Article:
Our primer for new-pan owners.

If you’re reading this, one way or another, you are part of the Butter Pat family. Maybe you recently bought your first pan, or are still weighing a purchase, or have collected the whole kit and caboodle—bless your hearts.

Either way, it’s worth knowing what to do when you finally get that piece of cast iron in your possession. Unfortunately, the internet has added a bunch of misnomers and malarkey to the process; there is no need to involve a potato, nor do you need to strip your pan or reseason it.

Instead, just follow these simple instructions:


We’ve said it before, and we’ll say it many times again—the first thing you need to do after opening your box is clean your damn pan. Wash it with water, with soap, before fully drying it, and adding a touch of refined oil. At first, a gentle rinse will do, but over time, you can scrub the heck out of it. During those intensive cleanings, some of your seasoning might disappear in the process, but that’s okay—you’re working toward a progressive patina, it won’t happen overnight. Keeping your pan clean helps keep a smooth surface. What kind of soap? Any, though we tend to use those akin to Dawn. And how about dishwashers? Hard no.


This is a crucial step, whether you’re breaking in your new pan or cleaning between meals. And we only recommend one way: immediately after washing, heat your pan on the stove.

In a matter of minutes or seconds, depending on the strength of your stove, this will evaporate any residual water, which causes rust—aka the arch nemesis of iron. Don’t leave it in the sink. Don’t let it air dry. Forgo paper towels and dish cloths, which always leave behind some moisture. Rust doesn’t mean the death of your pan, but it’s best to avoid it for the flavor of your food and the longevity of your pan. If some appears, don’t panic, and see our Use and Care page for more instructions.


Oil to your just-washed cast iron is like a coat of wax on your just-cleaned car. It helps protect the smooth surface we worked hard to achieve and, over time, the non-stick seasoning that you’ve spent hours in the kitchen or over the fire working toward. Immediately after drying, while the pan is still warm, lightly coat all surfaces with a thin layer of refined oil. We prefer refined canola, but any refined variety will do. Unrefined oils, like butter and many olive oils, are more likely to go rancid between meals. Now your pan is ready to be stored or, better yet, fired up for supper! 


It’s one of our most frequently asked questions: what should I cook first in my new cast iron? The answer is, anything, really—anything that fills the pan, uses oil or fat, and gets cooked at a consistently high heat, preferably at 500 degrees and in your oven. This helps seal in that next layer of seasoning and set you off on the right foot. In the Lili, roast a chicken with some vegetables. In the Heather or Estee, try your hand at cornbread. The Homer? Popcorn, hands down. Whatever you do, keep it simple to start. Avoid sticky dishes, like mac-and-cheese, or low-and-slow meals, like eggs and bacon. Then wash, dry, oil, and repeat.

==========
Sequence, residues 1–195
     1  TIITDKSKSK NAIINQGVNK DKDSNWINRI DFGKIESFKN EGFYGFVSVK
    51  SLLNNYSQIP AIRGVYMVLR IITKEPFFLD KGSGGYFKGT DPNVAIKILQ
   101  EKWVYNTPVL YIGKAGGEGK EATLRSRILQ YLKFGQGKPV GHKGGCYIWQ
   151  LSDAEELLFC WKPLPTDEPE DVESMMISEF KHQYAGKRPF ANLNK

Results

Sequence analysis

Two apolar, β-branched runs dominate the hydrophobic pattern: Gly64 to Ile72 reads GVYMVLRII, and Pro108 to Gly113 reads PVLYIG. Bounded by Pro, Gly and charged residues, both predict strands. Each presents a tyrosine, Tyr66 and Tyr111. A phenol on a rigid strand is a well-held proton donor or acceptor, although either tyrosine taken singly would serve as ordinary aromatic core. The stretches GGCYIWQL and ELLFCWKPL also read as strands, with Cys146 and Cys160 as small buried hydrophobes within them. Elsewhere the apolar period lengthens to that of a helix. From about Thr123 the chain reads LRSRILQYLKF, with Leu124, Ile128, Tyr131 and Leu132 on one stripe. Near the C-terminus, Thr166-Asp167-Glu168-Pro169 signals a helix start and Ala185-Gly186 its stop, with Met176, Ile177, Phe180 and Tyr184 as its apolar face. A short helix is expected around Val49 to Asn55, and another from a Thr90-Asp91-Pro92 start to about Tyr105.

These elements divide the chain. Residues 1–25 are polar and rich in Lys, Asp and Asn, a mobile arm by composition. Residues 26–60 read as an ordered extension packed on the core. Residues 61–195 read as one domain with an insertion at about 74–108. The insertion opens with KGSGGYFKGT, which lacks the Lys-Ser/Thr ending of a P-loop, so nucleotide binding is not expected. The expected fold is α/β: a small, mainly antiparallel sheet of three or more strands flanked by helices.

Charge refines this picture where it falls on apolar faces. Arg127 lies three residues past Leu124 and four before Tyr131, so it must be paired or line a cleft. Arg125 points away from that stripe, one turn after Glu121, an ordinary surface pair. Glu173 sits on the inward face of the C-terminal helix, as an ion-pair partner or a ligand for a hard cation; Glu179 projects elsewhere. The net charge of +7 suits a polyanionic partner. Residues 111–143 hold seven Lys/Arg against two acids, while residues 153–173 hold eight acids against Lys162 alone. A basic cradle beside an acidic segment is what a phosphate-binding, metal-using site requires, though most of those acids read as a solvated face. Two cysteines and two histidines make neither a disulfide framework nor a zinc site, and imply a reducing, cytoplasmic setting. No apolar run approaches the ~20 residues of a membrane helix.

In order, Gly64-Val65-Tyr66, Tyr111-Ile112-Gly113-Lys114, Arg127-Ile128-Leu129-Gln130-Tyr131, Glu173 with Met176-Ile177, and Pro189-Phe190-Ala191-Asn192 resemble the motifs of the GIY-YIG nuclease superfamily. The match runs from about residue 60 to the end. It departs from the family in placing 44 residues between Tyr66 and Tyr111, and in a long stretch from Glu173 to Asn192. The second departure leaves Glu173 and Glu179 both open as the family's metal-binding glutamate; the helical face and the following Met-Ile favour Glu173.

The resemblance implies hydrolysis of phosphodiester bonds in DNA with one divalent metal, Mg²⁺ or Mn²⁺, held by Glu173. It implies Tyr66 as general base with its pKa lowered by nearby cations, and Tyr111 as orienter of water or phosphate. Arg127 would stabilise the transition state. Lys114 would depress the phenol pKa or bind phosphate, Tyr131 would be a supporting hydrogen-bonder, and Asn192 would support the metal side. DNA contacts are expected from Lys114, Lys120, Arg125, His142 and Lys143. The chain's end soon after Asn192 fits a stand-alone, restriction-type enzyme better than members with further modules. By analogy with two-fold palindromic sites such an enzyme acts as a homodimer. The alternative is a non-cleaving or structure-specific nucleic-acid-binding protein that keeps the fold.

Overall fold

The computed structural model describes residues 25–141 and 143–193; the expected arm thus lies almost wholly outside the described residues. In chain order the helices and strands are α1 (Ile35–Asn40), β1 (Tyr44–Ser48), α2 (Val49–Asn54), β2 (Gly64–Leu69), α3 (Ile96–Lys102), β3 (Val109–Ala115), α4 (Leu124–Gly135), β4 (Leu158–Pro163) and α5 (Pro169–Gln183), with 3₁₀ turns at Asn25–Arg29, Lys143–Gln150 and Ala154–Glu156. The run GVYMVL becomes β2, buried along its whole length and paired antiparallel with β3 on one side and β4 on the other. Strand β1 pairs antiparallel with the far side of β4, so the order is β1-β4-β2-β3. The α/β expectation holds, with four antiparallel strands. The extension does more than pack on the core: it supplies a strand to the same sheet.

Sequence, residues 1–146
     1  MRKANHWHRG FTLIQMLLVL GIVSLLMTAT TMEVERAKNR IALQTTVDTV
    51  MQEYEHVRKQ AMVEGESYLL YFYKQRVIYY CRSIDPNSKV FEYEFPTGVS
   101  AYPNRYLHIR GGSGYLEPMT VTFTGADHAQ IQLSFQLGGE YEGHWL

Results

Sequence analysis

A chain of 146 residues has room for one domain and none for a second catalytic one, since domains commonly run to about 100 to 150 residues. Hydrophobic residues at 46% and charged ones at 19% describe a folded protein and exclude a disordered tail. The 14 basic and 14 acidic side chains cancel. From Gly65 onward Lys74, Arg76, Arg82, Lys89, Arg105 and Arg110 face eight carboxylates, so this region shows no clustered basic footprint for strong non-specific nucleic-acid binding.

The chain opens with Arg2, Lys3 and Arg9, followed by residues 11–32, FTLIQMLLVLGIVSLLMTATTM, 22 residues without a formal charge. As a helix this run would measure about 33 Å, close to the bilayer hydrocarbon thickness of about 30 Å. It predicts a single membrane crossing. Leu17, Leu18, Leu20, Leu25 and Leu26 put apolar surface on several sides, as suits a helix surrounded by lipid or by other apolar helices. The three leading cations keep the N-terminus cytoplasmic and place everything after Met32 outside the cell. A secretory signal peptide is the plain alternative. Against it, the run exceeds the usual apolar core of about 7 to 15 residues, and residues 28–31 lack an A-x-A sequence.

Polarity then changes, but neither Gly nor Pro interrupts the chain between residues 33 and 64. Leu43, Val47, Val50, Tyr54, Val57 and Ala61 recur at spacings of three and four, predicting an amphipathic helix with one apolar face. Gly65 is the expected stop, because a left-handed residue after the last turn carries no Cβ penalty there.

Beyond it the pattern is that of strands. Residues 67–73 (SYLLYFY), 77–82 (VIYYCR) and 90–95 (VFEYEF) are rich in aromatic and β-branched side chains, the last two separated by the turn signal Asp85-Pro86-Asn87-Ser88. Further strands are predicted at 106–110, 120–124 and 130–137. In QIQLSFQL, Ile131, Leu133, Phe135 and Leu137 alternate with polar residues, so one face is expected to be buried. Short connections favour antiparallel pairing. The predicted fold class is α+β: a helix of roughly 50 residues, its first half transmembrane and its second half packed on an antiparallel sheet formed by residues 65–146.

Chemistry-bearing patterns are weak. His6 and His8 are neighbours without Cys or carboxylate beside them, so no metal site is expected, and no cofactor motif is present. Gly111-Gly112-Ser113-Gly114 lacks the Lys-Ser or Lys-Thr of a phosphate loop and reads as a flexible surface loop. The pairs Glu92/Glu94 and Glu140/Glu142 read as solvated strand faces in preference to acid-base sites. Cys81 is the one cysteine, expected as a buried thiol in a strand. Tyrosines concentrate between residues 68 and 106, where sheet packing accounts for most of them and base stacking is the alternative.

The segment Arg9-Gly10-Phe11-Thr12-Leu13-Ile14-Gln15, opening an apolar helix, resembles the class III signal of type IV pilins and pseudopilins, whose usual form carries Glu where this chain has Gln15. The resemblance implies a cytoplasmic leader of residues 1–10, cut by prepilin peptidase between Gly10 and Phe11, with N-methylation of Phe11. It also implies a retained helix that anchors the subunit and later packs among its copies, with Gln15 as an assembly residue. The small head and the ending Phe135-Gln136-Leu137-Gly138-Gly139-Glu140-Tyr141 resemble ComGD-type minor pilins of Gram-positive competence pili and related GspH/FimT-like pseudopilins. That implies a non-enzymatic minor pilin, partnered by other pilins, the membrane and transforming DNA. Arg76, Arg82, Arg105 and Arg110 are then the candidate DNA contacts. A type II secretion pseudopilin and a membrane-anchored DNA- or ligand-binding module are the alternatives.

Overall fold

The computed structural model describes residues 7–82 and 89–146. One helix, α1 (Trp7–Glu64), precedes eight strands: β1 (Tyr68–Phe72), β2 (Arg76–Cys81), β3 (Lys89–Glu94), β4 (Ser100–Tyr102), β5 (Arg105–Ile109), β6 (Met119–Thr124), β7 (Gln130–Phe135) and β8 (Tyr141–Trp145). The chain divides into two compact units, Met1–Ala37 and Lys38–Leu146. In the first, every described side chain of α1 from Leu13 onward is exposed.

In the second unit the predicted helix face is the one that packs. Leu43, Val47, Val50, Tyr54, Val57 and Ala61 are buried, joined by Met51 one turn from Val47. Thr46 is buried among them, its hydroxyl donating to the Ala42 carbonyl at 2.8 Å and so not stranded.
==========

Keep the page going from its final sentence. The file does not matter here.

We know they’re pretty, but Butter Pats aren’t meant to sit in the kitchen. Our pans are exceptionally smooth, but the more you use them, the more you build their seasoning into a truly non-stick surface, and the better and better they will be to cook with. So get started.


Cooking with cast iron shouldn’t be rocket science. For the most part, you’re not going to ruin your pan, unless you do something truly stupid (guilty, at times—ask us about that one summer storm or the ad-hoc dog bowl). But if you take decent care of it, it will last a long, long time. Generations, actually. A few more pointers:

  • Avoid burns: Iron gets hots, including our tabs and handles. Use oven or fire mitts when handling to avoid trips to the emergency room.
  • Use two hands: Our nameplate tabs were designed to encourage you to exactly that. Even though our pans are very light in comparison to other cast iron, there’s no need to show off.
  • Watch your acid: Ingredients like tomatoes, wine, balsamic vinegar, and citrus are all acidic and can remove seasoning on your pan, which also lends to an off-putting flavor. We say cook with them, but do so sparingly, and only in a well-seasoned skillet. Just be sure to follow up with that wash-dry-oil routine afterwards.

 For more tips, tricks, and recipes, visit butterpatindustries.com.

March 30, 2023 — Dennis Powell